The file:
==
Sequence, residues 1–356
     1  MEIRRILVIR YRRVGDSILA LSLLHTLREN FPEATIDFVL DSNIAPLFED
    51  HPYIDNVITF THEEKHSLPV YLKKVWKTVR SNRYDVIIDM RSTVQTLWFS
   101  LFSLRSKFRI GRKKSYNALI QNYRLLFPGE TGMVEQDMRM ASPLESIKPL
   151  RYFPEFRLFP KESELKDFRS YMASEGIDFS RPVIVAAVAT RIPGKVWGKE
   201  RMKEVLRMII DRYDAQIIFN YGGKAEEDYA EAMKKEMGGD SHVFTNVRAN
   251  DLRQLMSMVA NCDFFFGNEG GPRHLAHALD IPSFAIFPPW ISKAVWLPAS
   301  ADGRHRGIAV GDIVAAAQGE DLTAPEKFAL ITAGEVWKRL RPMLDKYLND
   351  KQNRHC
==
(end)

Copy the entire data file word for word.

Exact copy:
Sequence, residues 1–356
     1  MEIRRILVIR YRRVGDSILA LSLLHTLREN FPEATIDFVL DSNIAPLFED
    51  HPYIDNVITF THEEKHSLPV YLKKVWKTVR SNRYDVIIDM RSTVQTLWFS
   101  LFSLRSKFRI GRKKSYNALI QNYRLLFPGE TGMVEQDMRM ASPLESIKPL
   151  RYFPEFRLFP KESELKDFRS YMASEGIDFS RPVIVAAVAT RIPGKVWGKE
   201  RMKEVLRMII DRYDAQIIFN YGGKAEEDYA EAMKKEMGGD SHVFTNVRAN
   251  DLRQLMSMVA NCDFFFGNEG GPRHLAHALD IPSFAIFPPW ISKAVWLPAS
   301  ADGRHRGIAV GDIVAAAQGE DLTAPEKFAL ITAGEVWKRL RPMLDKYLND
   351  KQNRHC